Obama: Preschool programs are worth the investment

Washington is about to be hit with a massive set of spending cuts that would curtail spending in education, but President Obama nevertheless traveled to Georgia today to make the case that early childhood education is a worthwhile investment.

"We need to make smart choices as a country, by cutting what we don't need but then by investing in the things we do need," Mr. Obama said in Decatur, Ga., after touring the College Heights Early Childhood Learning Center. "We need to make sure we've got shared responsibility for giving every American the chance to earn the skills and education they need for a competitive global job market."

Obama: Washington could learn a lot from preschoolers
Obama: Washington could learn a lot from preschoolers

"The earlier a child begins learning, the better he does down the road," he added. "We are not doing enough to give all of our kids that chance."

While the White House is calling for these new investments, it's also urging Congress to delay and eventually avert the so-called "sequester," which refers to a series of broad automatic spending cuts set to go into effect next month. The sequester would cut $1.2 trillion in government spending over 10 years.

If it goes into full effect, according to the White House, 14,000 Head Start workers could be laid off and 1.2 million students from low-income families would have their schools' funding cut.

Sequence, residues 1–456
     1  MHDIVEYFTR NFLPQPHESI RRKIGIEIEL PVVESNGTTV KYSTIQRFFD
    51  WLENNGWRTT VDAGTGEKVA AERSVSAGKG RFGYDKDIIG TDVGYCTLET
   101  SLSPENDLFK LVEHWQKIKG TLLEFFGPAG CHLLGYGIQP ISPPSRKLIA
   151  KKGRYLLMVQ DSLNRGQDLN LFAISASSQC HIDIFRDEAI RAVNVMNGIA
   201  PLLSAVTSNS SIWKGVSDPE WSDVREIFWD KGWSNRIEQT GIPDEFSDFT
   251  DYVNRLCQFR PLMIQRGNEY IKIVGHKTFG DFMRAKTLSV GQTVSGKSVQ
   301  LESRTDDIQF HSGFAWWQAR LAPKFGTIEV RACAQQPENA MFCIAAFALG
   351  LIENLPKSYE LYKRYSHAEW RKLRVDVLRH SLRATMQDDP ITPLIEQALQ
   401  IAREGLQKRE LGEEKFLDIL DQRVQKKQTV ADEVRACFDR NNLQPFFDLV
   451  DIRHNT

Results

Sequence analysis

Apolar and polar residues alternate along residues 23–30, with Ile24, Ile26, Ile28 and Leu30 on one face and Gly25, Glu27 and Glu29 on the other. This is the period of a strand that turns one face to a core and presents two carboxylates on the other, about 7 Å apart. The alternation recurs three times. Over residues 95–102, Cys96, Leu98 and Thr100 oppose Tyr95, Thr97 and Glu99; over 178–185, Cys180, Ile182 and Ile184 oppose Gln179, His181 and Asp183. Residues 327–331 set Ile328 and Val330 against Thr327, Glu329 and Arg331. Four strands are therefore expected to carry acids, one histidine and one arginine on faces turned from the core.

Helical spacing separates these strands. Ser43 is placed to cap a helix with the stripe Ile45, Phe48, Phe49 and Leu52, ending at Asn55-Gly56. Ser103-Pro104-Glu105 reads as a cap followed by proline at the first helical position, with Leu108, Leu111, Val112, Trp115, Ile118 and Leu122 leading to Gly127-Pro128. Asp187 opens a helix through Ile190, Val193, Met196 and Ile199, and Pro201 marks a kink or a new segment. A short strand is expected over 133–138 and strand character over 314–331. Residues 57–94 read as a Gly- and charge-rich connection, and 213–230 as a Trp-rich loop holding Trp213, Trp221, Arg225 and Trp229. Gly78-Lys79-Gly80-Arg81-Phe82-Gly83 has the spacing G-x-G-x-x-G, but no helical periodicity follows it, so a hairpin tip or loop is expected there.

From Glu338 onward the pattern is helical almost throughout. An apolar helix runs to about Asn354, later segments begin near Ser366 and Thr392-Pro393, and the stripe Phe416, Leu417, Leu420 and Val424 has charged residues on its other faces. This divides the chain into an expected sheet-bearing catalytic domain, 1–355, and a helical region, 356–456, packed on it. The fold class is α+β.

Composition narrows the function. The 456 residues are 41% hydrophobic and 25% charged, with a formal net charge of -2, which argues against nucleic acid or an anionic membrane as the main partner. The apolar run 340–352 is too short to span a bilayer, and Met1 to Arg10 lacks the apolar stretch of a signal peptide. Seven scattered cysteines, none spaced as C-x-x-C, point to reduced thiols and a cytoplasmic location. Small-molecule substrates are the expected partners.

The president needled Congress about the partisanship that has contributed to the repeated legislative hang-ups lawmakers have faced in recent years. "That whole playing well with others, by the way, is a trait we could use in Washington," Mr. Obama quipped. "Maybe we need to bring the teachers up. Every once in a while, have some quiet time. Time out."

As Mr. Obama said during his State of the Union address this week, he is proposing a plan to make preschool universally available with a new federal-state partnership for low- and moderate-income four-year-olds. He's also calling for greater investments in Head Start and encouraging states to expand full-day kindergarten.

The president has said his proposal won't add to the deficit, and he is expected to lay out the financial details next month in his proposed 2014 budget.

Before delivering his remarks, Mr. Obama joined a classroom of 16 children between the ages of four and five at the College Heights Early Childhood Learning Center. The president joined the kids as they played with items like blocks and a magnifying glass. One boy told him, "Welcome, Mr. President," while another child remarked, "I saw you on TV."

Afterwards, Mr. Obama praised the educators at the center, saying, "You've combined kids with different income levels, you've got disabled kids in the same classroom, so we're all learning together. All the kids are being leveled up, and you're not seeing some of that same stratification that you see that leads to these massive achievement gaps."

He noted that if a child starts school a step behind, they'll start "pulling back, and they act like they're disinterested because they're frustrated they're not doing as well as they should."

Mr. Obama said that every dollar invested in high-quality early education will have $7 later on. His administration has also pointed out that such investments have bipartisan support.

"States like Georgia and Oklahoma, which are states run by Republican governors, and routinely vote for Republican presidential candidates, by the way, have made important investments in the programs," White House deputy press secretary Josh Earnest said today. "So there's no reason it should get bogged down in partisan politics."